Unlocking rooftop solar power in Pyrmont-Ultimo

First report of Smart Locale's rooftop solar power project

First report of Smart Locale’s rooftop solar power project

A team of researchers has taken the first step in assessing feasibility for a number of buildings in the Pyrmont-Ultimo area of Sydney to install solar power.

In June, the Smart Locale Rooftop Solar Power project released the study, authored by Andrea Ehlers and James Meharg from Macquarie University. Overall, 22 commercial buildings were identified across the Pyrmont-Ultimo precinct, with potential capacity to install around 1,990 kW of solar systems, which could generate 2,465 MWh of renewable solar energy per year (equivalent to about 330 average homes). A database was developed for the identified properties including information on site evaluation and suitability, ownership and tenants.

Smart Locale believes the technology improvements that have enabled small-scale energy generation, manufacturing and shared services arrangements are spearheading a worldwide trend to act locally. The role of Smart Locale is to accelerate this transformation in the local precinct, reducing carbon emissions and saving money at the same time. This report is the first stage of the Rooftop Solar Power project being undertaken within Smart Locale.

While it’s true that commercial and institutional buildings, where energy use patterns align with the solar energy production hours, are often good targets for installing solar power systems, what are the benefits to building owners and tenants?

According to the report, in one case study on a ‘Building D’ in Ultimo, between 81-90% of generated power could be used on site with power consumption closely mirroring daylight hours. The feasibility assessment found that solar power installation would provide reductions in operating costs and that significant carbon reductions could be reported in the organisation’s sustainability credentials.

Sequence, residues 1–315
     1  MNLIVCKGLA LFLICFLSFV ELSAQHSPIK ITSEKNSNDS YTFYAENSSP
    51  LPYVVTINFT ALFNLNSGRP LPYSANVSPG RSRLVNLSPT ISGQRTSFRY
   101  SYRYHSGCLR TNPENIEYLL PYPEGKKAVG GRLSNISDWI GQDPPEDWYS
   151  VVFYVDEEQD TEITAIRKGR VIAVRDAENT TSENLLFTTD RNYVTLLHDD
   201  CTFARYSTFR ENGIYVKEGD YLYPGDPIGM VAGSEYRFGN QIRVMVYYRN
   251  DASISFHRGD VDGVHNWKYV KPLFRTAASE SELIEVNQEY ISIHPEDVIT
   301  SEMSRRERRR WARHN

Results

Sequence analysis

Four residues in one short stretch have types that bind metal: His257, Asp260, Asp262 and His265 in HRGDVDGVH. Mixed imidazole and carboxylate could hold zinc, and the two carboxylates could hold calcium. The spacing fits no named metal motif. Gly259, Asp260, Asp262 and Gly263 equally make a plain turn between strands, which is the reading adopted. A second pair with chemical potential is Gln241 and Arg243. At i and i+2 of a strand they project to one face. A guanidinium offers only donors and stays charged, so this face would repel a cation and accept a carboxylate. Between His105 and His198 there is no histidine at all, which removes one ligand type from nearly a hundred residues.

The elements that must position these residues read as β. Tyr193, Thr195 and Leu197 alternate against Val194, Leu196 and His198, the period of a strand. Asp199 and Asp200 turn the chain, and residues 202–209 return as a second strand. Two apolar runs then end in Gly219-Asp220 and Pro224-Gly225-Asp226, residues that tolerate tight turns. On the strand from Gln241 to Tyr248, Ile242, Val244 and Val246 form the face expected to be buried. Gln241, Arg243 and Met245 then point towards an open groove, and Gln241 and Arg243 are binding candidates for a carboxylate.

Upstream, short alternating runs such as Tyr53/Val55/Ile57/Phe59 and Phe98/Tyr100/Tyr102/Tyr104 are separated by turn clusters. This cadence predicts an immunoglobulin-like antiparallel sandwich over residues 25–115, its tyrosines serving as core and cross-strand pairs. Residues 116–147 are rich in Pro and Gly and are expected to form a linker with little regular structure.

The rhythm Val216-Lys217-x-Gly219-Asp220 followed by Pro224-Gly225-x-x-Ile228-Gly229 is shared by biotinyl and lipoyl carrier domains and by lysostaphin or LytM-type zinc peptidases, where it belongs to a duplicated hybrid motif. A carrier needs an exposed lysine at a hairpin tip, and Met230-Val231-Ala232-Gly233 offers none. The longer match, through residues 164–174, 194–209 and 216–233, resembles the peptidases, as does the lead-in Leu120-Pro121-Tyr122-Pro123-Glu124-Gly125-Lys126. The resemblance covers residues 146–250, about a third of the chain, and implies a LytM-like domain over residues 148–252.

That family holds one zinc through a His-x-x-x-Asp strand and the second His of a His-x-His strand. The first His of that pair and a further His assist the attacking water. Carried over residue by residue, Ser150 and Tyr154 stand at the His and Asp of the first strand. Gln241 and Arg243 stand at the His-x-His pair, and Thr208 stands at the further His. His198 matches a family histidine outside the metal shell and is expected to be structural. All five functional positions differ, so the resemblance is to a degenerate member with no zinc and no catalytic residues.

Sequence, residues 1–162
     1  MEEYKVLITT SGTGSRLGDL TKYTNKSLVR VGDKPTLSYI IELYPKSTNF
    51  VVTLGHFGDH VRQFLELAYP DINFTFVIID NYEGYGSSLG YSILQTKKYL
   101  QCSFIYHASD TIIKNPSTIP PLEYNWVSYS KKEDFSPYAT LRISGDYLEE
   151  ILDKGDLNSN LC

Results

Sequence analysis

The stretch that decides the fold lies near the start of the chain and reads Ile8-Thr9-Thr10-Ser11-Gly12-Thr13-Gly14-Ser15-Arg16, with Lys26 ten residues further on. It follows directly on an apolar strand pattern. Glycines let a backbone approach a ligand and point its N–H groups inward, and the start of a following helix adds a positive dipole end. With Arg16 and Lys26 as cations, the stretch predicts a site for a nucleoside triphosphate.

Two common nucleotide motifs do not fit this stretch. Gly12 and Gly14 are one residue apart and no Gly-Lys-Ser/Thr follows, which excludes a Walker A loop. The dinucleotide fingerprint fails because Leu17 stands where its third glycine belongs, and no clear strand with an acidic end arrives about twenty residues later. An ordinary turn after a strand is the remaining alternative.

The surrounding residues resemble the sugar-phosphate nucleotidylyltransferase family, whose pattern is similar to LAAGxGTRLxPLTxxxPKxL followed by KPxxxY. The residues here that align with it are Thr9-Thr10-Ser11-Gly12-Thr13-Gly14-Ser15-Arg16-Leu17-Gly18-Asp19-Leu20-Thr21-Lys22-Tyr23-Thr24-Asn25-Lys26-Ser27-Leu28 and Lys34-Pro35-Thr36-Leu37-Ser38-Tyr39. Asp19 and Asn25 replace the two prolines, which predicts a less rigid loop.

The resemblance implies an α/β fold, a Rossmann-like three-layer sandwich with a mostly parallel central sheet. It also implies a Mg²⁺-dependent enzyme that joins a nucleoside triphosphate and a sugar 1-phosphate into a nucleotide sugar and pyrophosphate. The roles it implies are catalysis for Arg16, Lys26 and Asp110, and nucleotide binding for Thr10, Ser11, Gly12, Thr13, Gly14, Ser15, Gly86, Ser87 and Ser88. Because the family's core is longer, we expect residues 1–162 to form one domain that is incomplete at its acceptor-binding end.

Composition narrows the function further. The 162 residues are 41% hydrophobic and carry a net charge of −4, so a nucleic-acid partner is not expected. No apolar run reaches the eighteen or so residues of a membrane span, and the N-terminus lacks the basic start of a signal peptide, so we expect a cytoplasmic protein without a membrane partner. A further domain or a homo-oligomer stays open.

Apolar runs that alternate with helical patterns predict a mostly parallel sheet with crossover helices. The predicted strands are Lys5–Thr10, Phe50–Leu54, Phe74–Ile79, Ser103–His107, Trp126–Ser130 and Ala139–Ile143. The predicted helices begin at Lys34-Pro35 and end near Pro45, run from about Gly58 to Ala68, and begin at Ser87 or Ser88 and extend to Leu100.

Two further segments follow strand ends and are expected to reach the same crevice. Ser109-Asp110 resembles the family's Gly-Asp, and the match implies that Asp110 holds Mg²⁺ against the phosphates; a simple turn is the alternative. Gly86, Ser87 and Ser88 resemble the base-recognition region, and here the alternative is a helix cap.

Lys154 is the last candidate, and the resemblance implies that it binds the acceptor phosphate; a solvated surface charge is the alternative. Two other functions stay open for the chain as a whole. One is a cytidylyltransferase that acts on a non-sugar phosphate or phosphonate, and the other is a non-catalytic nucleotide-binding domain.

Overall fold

“The combination of declining technology costs and improving financing models structured to compliment solar power installation in commercial and institutional buildings is enabling sound returns on investment and positive cashflow for solar power installation,” said the report.


Motivating factors

Motivation for installing a solar power system sometimes comes from a major tenant who could find substantial cost savings with rooftop solar power generation with the right funding model.

There are six buildings identified in the study that meet the ideal physical criteria and have amenable ownership structures or a motivated tenant. Their collective usable roof space is approximately 4,500 square metres.

One of these sites was ‘Building D’, where the tenant expressed interest in progressing rooftop solar power installation for its growing creative technology development business. The tenancy comprises 2.5 floors of dense workstations, large open meeting areas and a large cafe-style eat/meet area.

The Sunulator tool was used to conduct an interim economic assessment of the selected site based on different system sizes and funding models, using generally accepted financial drivers. Sunulator is an open source economic feasibility tool for commercial solar power systems developed for the Alternative Technology Association.

The study identified that the building has 192 square metres of usable space, which equates to up to 25 kW of solar panels (potentially 29 kW using high efficiency panels).

The energy consumption for ‘Building D’ is around 67 MWh per year.  Most of the power consumption is between 10am and 6pm, that is during daylight hours, including weekends.

Following analysis it was found that annual savings (energy costs avoided less financing costs) are the highest for the 25 kW system utilising a consumer loan or Environmental Upgrade Agreement (EUA), at $1,850 in the first year.

The highest 10 year Net Present Value (NPV) was from the 29 kW community owned system and 25 kW consumer loan/EUA system, at $19,211 and $19,085 respectively. NPV calculates the value of the rooftop solar system to the benefactor.

Given the usage patterns of the tenant, between 81-90% of generated power could be used on site. The total power exported to the grid increases as the system size increases, ranging from 10-19% export, the latter being at the end of tolerable metrics.

“As expected, the larger the system, the greater the energy cost savings and carbon reduction,” the report stated. However, with the low feed-in tariffs paid it is not necessarily optimum to go for the largest system. As direct purchase was not an option for the tenant, it was removed from the analysis.

In relation to a community owned model, the study did not investigate this in detail but noted that the outcomes of the current community funding offer for the 500 kW solar power system planned for the Sydney Convention Centre, will provide a valuable guide.

The next step for Smart Locale will be to further engage with building owners and tenants, especially the tenants of ‘Building D’ to see if they wish to progress to complete technical feasibility and identification of finance model.

If you are interested in finding out more about rooftop solar in Ultimo-Pyrmont, or may be interested in talking to someone at Smart Locale about the potential of your building, email info@smartlocale.com.au


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